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Article | 27 February 2023 | ESG
Biden’s Inflation Reduction Act disrupts the green energy investment landscape
European countries are locked in a heated debate over how best to respond to the Biden administration’s Inflation Reduction Act (‘The Act’), amid mounting evidence that it has already caused the EU to lose out on green investment to North America.
So far, US-based companies have received around $35 billion in new green investment since President Joe Biden approved this legislation in August last year. One of the biggest outlays so far has been the €800 million announced by German auto giant BMW in February to expand electric vehicle (EV) production in Mexico.
Alongside the US, North American Free Trade Area members Mexico and Canada are also beneficiaries of the Act, being eligible for sizeable tax credits directed at EV assembly and battery production.
Combating climate change was a major Democratic Party election pledge, with Biden returning the US to the Paris Climate Agreement shortly after becoming president in January 2021.
Then came the Act, with its massive US federal funding for clean energy through tax credits, loan guarantees and subsidies. The Act’s supporters expect the policy to create around $369 billion in clean energy investment and reduce US greenhouse emissions by 40% versus 2005 levels by 2030. Most of the green funding in the legislation is targeted at clean electricity generation followed by transportation, including big funding for the EV industry.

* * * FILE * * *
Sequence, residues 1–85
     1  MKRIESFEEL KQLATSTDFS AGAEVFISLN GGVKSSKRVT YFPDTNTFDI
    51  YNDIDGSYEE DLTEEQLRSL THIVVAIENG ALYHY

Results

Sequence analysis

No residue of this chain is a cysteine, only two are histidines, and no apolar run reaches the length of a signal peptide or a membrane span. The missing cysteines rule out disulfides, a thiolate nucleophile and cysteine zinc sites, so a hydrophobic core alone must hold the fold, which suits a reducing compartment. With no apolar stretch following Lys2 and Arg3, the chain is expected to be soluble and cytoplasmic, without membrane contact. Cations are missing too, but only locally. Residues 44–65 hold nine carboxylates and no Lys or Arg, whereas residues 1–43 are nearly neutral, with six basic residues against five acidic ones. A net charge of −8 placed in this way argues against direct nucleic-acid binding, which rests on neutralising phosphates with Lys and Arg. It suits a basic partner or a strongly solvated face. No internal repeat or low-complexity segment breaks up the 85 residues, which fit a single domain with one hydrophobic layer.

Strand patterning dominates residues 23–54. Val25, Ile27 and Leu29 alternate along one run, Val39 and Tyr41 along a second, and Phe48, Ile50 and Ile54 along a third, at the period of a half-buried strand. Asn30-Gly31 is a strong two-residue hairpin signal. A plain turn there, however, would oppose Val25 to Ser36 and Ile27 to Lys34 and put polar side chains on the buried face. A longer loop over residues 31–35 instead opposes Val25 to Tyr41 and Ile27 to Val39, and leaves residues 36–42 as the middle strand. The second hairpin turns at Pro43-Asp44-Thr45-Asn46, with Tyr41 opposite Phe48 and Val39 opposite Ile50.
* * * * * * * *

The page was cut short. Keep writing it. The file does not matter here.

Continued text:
The EU has criticised the Act for creating what it views as unfair competition, adding to worries about the competitive threat posed by the less transparent subsidies offered to green industries in China.
However, there are deep divisions within the EU over how the bloc should respond. In one camp led by France, there’s a strong appetite to allow individual countries to ramp up state aid, targeting green industries. While this has met with some opposition from smaller members, there’s an apparent lack of support for mobilising higher additional funding on an EU wide basis. In a state aid free-for-all, smaller EU countries will likely struggle to compete with Germany and France in attracting green investment, given the latter two’s greater size and consequently larger budgets.
EU leaders will consider the bloc’s green industrial strategy at a summit in March.
The Inflation Reduction Act has important implications for how countries seek to promote state investment in green energy around the world. It makes a global bidding war on subsidies seem more likely, as governments race to stop domestic green energy companies from moving their operations to North America or selecting the region as the default base for major new projects in the future.
This legislation presents challenges for EU policy. Europe will likely need to offer more incentives, if it wants the green energy industry to keep flourishing on its shores. The bigger picture is that the world desperately needs to ramp up investment in green energy and it is good news that the Biden administration is taking climate change seriously.